Homeownership, the linchpin of the American Dream, recently turned into a nightmare for many families who could no longer afford their mortgages and, in turn, our neighborhoods, communities, and entire economy suffered. Solving these, and other pressing short-term issues like homelessness and lack of safe and affordable housing, and addressing long-term questions on the appropriate role of the federal government in housing will be no small stump to jump.
But as the recent crisis has proven, we cannot afford to fail.
While bipartisanship has become something of an anachronism in today’s Washington, only through across-the-aisle consensus can true reform be achieved, which is why it is an honor to be selected as Co-Chair of the Bipartisan Policy Center’s Housing Commission.
Since serving as Missouri’s Governor, and then as a United States Senator, I have worked to be an advocate for improving public housing and advancing community development. Some of my proudest achievements are helping shape housing policy and programs in homelessness, rural housing, public housing, HOPE VI, and affordable housing. None of these successes would have been possible without strong partners on the other side of the aisle.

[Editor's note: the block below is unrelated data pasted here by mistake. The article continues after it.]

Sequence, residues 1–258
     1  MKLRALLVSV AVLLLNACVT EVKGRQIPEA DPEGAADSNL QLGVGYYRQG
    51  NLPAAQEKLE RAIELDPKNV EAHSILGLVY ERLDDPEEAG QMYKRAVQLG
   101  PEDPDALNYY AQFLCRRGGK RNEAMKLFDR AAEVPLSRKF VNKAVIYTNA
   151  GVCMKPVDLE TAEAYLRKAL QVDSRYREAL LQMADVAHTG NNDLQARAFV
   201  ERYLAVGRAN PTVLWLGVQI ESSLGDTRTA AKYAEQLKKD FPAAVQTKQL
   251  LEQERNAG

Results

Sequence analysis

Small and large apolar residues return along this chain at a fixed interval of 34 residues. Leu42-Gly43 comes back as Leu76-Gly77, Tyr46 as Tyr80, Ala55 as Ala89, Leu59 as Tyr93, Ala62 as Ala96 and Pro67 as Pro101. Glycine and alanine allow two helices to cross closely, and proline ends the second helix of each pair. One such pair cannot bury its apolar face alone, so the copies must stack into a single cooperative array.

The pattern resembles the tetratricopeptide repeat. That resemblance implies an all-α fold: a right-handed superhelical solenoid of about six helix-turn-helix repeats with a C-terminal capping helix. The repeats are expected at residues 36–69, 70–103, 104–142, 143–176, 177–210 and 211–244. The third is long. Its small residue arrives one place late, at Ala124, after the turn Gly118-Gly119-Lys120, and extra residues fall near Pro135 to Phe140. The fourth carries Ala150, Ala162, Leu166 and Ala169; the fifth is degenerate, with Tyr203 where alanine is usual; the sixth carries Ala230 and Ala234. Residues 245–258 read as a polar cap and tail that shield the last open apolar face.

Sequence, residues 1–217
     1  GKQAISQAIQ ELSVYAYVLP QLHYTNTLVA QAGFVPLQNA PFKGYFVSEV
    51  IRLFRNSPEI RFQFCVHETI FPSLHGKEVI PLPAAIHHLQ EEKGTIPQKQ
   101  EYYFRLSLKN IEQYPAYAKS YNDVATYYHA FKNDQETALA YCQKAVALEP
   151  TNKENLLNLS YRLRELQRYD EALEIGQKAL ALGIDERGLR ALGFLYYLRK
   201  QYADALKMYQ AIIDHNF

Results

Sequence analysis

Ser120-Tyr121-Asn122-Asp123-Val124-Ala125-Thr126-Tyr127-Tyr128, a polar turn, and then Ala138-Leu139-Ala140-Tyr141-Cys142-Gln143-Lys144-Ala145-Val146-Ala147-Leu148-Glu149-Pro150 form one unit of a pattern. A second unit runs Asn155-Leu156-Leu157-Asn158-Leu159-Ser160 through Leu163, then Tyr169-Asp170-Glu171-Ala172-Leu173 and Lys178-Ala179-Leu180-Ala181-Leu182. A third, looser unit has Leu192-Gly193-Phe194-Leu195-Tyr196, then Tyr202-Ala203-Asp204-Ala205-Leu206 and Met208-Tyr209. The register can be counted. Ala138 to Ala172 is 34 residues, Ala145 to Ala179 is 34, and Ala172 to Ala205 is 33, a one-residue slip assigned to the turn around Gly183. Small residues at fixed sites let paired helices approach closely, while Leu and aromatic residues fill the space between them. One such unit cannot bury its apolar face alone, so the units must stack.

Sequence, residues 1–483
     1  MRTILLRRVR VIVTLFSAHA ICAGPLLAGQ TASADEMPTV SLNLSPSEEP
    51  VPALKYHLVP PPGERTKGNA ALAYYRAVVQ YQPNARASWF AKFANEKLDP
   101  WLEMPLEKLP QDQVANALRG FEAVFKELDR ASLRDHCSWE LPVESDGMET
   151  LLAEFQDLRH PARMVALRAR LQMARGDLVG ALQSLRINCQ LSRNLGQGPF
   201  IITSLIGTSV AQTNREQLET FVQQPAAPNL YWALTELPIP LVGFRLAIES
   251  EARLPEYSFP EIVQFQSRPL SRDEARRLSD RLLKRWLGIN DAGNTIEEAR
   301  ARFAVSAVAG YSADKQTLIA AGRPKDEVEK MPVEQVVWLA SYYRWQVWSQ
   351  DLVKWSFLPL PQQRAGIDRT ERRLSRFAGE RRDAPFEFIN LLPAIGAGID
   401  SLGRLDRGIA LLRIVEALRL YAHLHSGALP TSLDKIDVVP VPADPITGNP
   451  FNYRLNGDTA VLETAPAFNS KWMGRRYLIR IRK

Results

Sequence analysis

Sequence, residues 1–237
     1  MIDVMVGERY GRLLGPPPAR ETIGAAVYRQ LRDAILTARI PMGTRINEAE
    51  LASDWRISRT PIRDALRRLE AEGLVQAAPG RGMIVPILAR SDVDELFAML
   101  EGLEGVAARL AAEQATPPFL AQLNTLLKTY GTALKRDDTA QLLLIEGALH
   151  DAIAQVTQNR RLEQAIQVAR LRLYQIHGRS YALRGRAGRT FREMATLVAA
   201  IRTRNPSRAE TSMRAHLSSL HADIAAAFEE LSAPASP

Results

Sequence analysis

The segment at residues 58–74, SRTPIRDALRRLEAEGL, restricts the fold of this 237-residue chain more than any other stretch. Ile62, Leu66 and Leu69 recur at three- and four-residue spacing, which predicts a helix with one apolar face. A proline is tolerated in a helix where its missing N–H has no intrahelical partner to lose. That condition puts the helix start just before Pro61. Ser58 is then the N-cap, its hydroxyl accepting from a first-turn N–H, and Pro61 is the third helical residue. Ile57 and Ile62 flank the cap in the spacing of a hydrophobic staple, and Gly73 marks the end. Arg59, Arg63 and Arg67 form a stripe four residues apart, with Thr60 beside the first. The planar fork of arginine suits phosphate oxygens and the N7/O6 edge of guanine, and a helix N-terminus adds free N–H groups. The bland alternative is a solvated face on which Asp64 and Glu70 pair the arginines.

In fact, my fellow Commission Co-Chair, and former HUD Secretary, Henry Cisneros and I, were referred to in a 1996 Wall Street Journal article as the ‘Odd Couple’ of federal housing policy – a moniker I still wear as a badge of honor. Though it was a different time in our nation’s history, Henry and I were then – as we are now – committed to coming together to address long-ignored problems with immense implications.
Working with our colleagues Senators Mitchell and Martinez, we understand that real reform will take more than bipartisan consensus, but also the willingness to come to the table with open minds. Too many in Washington seem more devoted to protecting turf and pet programs, rather than the people and communities these policies are supposed to serve. That must change, and this Commission will take the first step.
We will call to the table those willing to think differently about our housing system and offer out-of-the-box solutions. The shifting demographic and economic trends of our nation mean that options, perhaps never before considered, might need to be examined. There will be different views. Differing opinions and approaches will make our deliberations interesting, and make our eventual recommendations stronger.
This Commission’s work could not come at a more important time – as we are all painfully aware, we are at a crossroads when it comes to housing policy in this country. We have seen the devastating human after-effects of a housing “bubble,” and how the housing market meltdown nearly precipitated a worldwide economic depression. A comprehensive, bold housing plan for our nation is needed and I am excited to be a part of that vital effort.